Lucky for us, Elijah never had a problem developmentally, he kept up with others of his age group, and even began creeping ahead in certain areas. I believe for us it was down to the bond he had with his nursery keyworker, and the amazing facilities that they have. Attending there practically eradicated his separation anxiety and he began to build bonds and trust others. They never came to us to say they think Elijah has a problem, and have always supported us. I really do owe them a hell of a lot. To Kerri his keyworker, I don’t think Elijah would be where he is today without your help, support and encouragement, so thank you from the bottom of my heart.
So, that brings us to today. The big appointment, the high expectations, the crazy neurotic mum anxiety. The will we, won’t we questions that have been plaguing me for the last few days. We have attended these appointments since his birth with the same Doctor that actually came to my bedside that fateful day to tell us about Elijah’s diagnosis. He has been with us since the beginning and is a lovely man. I have always felt at ease with him, and he has always told us the truth, the good the bad and the ugly. Every few months or so we have attended the clinic and Elijah’s weight, height and head circumference are measured. We were pretty well prepared for this however it slowly has got harder and harder to keep Elijah still as he has grown into a toddler! We wanted to impress, we took Elijah’s learning journey’s from nursery. We were pushing for a discharge! At Christmas he very nearly did it then but as Elijah wasn’t quite 18 months he just wanted to hang on that bit longer as from birth to 18 months is generally when a problem could emerge.I had the familiar knot in my stomach I get with every appointment we attend. The chunky monkey is a good weight, height etc. and then we were called in. We told the Doctor of the things Elijah is now doing since we last saw him, and showed him his nursery books. He was very impressed it felt more like a catch up then a hospital appointment. He then turned to ask us if we wanted to continue seeing him or be discharged. As I am so happy with the nursery and how they monitor Elijah we opted to be discharged with his full approval and agreement! We are no longer part of the development clinic as Elijah just doesn’t need it. I felt beyond relived, it means other than an allergy appointment we do not have another hospital appointment until Jan 2017!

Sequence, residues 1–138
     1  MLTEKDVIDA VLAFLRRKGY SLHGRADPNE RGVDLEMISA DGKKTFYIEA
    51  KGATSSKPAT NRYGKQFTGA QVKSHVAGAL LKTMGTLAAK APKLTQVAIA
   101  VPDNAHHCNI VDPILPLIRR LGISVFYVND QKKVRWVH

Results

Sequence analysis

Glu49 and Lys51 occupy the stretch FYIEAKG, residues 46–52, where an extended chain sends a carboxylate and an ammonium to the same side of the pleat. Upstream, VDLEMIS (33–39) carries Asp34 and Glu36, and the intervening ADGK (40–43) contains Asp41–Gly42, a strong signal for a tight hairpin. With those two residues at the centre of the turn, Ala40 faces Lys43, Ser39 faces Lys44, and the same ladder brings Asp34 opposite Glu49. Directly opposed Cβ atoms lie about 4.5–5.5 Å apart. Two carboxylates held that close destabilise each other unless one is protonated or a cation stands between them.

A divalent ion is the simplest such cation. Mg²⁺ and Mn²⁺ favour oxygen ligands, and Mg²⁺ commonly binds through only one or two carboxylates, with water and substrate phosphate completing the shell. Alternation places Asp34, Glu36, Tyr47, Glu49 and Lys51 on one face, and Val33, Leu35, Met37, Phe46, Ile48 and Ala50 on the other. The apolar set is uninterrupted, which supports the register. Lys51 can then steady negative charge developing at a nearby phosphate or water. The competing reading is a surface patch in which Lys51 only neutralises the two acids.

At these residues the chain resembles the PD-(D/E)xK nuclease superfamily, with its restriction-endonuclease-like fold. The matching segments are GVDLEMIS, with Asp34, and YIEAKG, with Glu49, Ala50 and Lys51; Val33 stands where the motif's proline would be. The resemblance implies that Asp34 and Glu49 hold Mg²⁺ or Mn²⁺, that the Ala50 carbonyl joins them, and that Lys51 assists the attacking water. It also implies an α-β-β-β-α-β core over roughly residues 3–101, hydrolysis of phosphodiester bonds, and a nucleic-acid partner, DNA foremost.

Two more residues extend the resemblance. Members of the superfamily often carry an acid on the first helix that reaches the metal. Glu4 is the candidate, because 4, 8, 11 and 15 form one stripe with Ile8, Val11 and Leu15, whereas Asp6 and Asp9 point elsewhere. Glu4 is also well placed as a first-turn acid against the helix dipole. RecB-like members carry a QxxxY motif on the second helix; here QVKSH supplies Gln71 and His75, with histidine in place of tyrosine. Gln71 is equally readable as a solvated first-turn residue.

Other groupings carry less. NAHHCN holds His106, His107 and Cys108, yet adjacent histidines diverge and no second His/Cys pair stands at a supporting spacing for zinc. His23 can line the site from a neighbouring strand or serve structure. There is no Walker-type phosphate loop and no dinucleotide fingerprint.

It is an amazing feeling to know that you do not have to mark the days, weeks, months off until the next appointment. That we can go on and enjoy the summer (I use that term loosely with the so called weather) we can plan a holiday! We completely missed out of spending time as a family last years with his post op surgery recovery and an array of appointments but we can finally begin to start a new chapter of our lives. It seems Elijah is really taking the bull by the horns at the moment he is settling in well to be moved up in nursery, he is making friends, even braved a blood test today (it wasn’t pretty though) and has declared this afternoon he doesn’t want to wear his nappy. The big boy pants are out and the rather snazzy purple potty is sitting proudly covered in Peppa stickers in the middle of the floor. He doesn’t do things by halves does he? From what he has been through, this sproglet doesn’t half surprise me every single day. I am off to weep in the corner about where my baby has gone and to have a small Gin (Am i kidding anyone with the ‘small’?!).